United States District Court, E.D. California
FINDINGS AND RECOMMENDATION TO DISMISS SUCCESSIVE
PETITION FOR WRIT OF HABEAS CORPUS ORDER DIRECTING CLERK OF
COURT TO ASSIGN DISTRICT JUDGE
K. OBERTO UNITED STATES MAGISTRATE JUDGE
December 30, 2019, Petitioner filed the instant petition for
writ of habeas corpus in this Court. Because the petition is
successive, the Court will recommend it be
of the Rules Governing § 2254 Cases requires the Court
to make a preliminary review of each petition for writ of
habeas corpus. The Court must dismiss a petition "[i]f
it plainly appears from the petition . . . that the
petitioner is not entitled to relief." Rule 4 of the
Rules Governing § 2254 Cases; see also Hendricks v.
Vasquez, 908 F.2d 490, 491 (9th Cir. 1990). A petition
for habeas corpus should not be dismissed without leave to
amend unless it appears that no tenable claim for relief can
be pleaded were such leave granted. Jarvis v.
Nelson, 440 F.2d 13, 14 (9th Cir. 1971).
federal court must dismiss a second or successive petition
that raises the same grounds as a prior petition. 28 U.S.C.
§ 2244(b)(1). The court must also dismiss a second or
successive petition raising a new ground unless the
petitioner can show that 1) the claim rests on a new,
retroactive, constitutional right or 2) the factual basis of
the claim was not previously discoverable through due
diligence, and these new facts establish by clear and
convincing evidence that but for the constitutional error, no
reasonable factfinder would have found the applicant guilty
of the underlying offense. 28 U.S.C. §
2244(b)(2)(A)-(B). However, it is not the district court that
decides whether a second or successive petition meets these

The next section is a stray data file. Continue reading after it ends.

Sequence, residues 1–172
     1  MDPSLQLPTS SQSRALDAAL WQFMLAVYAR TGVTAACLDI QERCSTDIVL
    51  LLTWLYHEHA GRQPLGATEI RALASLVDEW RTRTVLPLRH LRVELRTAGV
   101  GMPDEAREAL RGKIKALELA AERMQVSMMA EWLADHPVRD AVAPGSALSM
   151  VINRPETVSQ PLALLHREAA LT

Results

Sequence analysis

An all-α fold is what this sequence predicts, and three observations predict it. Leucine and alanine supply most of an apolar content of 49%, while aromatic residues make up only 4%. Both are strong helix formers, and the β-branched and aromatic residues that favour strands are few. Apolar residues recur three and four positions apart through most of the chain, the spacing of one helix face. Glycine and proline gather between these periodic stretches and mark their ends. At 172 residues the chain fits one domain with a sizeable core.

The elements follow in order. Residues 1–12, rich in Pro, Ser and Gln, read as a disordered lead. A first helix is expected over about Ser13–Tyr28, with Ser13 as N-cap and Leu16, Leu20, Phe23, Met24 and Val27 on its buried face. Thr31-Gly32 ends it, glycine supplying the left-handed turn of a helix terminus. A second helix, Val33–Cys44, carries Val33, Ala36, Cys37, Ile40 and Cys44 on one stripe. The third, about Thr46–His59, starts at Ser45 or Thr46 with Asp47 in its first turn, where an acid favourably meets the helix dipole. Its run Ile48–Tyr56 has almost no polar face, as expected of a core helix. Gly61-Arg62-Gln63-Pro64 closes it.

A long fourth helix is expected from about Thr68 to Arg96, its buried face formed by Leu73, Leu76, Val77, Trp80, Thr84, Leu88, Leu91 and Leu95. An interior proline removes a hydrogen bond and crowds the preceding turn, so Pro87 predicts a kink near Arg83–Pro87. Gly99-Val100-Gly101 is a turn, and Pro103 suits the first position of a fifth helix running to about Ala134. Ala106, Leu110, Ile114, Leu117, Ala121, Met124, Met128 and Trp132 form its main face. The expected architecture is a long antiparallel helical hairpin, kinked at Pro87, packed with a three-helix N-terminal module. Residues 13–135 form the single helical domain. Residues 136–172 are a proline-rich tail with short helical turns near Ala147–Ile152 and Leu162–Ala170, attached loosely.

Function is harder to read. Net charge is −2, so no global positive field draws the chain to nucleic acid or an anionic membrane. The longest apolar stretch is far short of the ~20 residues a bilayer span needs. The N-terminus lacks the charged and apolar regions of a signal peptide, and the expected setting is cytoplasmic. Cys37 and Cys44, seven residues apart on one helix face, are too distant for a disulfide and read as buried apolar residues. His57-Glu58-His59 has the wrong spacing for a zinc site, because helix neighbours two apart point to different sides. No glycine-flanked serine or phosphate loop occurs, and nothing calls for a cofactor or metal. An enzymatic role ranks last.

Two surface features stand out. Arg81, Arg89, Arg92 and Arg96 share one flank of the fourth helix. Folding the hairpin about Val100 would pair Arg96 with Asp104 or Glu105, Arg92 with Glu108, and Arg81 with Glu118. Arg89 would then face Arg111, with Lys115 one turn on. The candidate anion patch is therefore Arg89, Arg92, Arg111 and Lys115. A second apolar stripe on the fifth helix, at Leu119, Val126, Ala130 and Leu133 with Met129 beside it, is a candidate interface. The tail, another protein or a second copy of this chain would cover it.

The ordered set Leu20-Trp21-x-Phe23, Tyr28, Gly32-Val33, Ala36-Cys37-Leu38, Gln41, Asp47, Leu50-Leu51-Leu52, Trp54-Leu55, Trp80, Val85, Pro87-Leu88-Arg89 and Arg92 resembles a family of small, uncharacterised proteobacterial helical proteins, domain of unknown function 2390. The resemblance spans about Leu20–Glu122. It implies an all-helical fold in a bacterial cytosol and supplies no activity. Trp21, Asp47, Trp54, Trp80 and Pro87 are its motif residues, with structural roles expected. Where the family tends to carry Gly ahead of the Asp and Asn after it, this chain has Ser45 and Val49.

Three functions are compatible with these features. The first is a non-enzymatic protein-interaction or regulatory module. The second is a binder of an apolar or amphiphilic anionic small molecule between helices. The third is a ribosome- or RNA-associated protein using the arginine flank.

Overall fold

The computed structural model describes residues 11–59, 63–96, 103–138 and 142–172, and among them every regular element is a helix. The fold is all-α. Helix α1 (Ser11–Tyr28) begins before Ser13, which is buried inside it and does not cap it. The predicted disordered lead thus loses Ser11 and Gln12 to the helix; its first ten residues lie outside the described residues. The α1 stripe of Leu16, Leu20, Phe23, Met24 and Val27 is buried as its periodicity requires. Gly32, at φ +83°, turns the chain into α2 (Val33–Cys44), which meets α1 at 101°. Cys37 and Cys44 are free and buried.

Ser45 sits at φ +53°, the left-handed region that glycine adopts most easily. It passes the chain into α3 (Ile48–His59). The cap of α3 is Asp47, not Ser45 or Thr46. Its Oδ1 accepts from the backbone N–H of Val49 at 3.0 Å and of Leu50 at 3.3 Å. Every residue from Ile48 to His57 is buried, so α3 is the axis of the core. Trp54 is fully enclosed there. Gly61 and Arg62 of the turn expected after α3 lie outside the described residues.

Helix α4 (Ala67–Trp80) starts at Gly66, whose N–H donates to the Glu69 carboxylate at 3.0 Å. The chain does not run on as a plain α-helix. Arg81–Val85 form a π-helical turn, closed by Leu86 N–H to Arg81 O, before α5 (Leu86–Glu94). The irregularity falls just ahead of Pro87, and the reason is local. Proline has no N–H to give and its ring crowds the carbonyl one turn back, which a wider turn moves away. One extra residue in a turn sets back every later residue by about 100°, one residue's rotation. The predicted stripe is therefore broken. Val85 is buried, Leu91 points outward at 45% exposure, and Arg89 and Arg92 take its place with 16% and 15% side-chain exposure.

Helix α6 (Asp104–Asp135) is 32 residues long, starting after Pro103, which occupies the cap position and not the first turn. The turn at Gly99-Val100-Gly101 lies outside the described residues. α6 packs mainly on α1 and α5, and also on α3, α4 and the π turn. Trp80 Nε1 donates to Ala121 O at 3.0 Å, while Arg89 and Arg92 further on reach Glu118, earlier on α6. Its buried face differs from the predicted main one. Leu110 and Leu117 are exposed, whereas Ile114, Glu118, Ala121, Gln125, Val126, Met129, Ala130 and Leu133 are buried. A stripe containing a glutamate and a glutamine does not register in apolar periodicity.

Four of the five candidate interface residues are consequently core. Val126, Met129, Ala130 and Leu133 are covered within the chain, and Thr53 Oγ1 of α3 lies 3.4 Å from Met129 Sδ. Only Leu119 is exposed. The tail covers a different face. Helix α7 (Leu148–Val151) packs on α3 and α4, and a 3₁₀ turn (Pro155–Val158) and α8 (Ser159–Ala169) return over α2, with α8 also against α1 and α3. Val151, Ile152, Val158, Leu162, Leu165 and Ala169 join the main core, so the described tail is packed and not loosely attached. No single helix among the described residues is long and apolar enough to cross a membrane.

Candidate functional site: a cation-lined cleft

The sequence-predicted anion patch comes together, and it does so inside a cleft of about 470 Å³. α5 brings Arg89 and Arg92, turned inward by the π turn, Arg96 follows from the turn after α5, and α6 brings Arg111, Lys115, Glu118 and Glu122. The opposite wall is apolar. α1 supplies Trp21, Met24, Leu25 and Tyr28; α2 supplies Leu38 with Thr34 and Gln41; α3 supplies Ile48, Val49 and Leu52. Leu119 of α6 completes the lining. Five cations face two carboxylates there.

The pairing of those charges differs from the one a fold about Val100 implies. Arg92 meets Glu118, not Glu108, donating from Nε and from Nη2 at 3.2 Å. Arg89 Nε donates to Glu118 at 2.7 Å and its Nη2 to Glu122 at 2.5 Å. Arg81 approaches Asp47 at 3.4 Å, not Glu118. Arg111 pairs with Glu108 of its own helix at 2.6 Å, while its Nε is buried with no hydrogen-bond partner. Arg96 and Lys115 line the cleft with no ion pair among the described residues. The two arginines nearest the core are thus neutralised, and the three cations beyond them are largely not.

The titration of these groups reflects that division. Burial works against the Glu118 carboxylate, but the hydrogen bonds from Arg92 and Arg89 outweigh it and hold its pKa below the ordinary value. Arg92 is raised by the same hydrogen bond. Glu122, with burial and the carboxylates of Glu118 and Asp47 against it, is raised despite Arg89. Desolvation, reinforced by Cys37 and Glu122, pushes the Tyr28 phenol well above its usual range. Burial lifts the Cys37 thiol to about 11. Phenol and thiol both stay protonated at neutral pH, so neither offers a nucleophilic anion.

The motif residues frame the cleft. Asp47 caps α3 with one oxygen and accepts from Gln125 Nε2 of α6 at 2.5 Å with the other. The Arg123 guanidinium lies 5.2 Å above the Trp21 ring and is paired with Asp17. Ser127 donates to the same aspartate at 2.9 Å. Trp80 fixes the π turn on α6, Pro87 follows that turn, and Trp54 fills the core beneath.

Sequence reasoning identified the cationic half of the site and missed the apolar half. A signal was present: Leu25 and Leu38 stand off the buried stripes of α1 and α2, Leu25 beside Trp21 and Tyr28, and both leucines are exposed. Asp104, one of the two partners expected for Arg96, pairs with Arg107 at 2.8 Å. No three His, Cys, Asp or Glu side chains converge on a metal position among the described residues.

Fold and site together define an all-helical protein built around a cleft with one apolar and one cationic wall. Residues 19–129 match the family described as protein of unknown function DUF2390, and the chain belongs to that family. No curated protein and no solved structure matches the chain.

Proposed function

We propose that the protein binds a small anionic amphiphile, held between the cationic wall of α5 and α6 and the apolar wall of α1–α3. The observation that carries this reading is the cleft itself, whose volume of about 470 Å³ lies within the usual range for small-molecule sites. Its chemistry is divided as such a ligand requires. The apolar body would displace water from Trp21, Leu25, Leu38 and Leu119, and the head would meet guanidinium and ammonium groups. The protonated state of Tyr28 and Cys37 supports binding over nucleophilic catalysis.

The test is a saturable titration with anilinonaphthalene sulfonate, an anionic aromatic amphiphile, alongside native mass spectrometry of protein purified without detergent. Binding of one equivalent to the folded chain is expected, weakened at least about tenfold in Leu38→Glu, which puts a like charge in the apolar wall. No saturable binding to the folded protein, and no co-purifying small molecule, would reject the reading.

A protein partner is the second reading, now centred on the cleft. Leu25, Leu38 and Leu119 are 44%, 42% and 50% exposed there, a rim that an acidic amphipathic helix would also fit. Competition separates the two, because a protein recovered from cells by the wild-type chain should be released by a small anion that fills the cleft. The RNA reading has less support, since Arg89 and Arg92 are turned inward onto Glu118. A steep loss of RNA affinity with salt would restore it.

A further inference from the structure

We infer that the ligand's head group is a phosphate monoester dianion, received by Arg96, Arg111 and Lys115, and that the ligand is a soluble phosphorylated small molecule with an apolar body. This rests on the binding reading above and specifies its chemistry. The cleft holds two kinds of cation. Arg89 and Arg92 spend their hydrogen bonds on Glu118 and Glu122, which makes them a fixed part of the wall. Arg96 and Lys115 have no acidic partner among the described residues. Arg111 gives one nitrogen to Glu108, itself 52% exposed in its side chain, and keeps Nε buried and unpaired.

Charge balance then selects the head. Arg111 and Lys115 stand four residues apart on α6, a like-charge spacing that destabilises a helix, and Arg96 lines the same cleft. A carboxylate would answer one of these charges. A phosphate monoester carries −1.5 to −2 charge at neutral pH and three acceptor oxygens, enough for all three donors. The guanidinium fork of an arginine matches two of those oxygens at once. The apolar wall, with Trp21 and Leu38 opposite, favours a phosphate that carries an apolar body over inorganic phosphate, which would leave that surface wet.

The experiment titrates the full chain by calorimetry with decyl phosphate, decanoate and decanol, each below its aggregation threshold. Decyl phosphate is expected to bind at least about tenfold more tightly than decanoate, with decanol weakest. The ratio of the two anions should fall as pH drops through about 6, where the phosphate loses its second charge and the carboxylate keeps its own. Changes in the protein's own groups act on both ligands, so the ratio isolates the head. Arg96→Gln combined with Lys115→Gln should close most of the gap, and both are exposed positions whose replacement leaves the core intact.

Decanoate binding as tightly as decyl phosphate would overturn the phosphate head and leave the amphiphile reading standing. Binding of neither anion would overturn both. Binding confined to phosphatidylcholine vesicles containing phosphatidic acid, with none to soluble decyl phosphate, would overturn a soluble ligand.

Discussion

2244 (b)(3)(A) provides: "Before a second or successive
application permitted by this section is filed in the
district court, the applicant shall move in the appropriate
court of appeals for an order authorizing the district court
to consider the application." In other words, Petitioner
must obtain leave from the Ninth Circuit before he can file a
second or successive petition in district court. See
Felker v. Turpin, 518 U.S. 651, 656-657 (1996). This
Court must dismiss any second or successive petition unless
the Court of Appeals has given Petitioner leave to file the
petition because a district court lacks subject-matter
jurisdiction over a second or successive petition. Burton
v. Stewart, 549 U.S. 147, 152 (2007); Cooper v.
Calderon, 274 F.3d 1270, 1274 (9th Cir. 2001).
case, Petitioner challenges his 2007 conviction in the Tulare
County Superior Court for carjacking and related offenses. He
claims that his sentence was illegally enhanced, and that the
gang expert relied on hearsay in violation of the
Confrontation Clause of the Sixth Amendment. Petitioner
previously sought federal habeas relief in this Court with
respect to the same conviction. See Pineda v.
Harrington, Case No. 1:10-cv-00354-OWW-DLB. In that
action, Petitioner claimed: 1) The identification procedure
was impermissibly suggestive; 2) The carjacking prosecution
violated the double jeopardy clause; 3) Petitioner received
ineffective assistance of counsel; and 4) There was
insufficient evidence to support the criminal street gang
enhancement. Id. The petition was denied on the
merits on October 19, 2010. Id.
Court finds that the instant petition is “second or
successive” under 28 U.S.C. § 2244(b). Petitioner
makes no showing that he has obtained prior leave from the
Ninth Circuit to file his successive petition. Therefore,
this Court has no jurisdiction to consider Petitioner's
renewed application for relief under 28 U.S.C. § 2254
and must dismiss the petition. See Burton, 549 U.S.
the Clerk of Court is DIRECTED to assign a District Judge to
foregoing reasons, the Court HEREBY RECOMMENDS that the
petition be DISMISSED as successive.
Findings and Recommendation is submitted to the United States
District Court Judge assigned to this case, pursuant to the
provisions of 28 U.S.C. section 636 (b)(1)(B) and Rule 304 of
the Local Rules of Practice for the United States District
Court, Eastern District of California. Within twenty-one days
after being served with a copy, Petitioner may file written
objections with the Court. Such a document should be
captioned “Objections to Magistrate Judge's
Findings and Recommendation.” The Court will then
review the Magistrate Judge's ruling pursuant to 28
U.S.C. § 636 (b)(1)(C). Petitioner is advised ...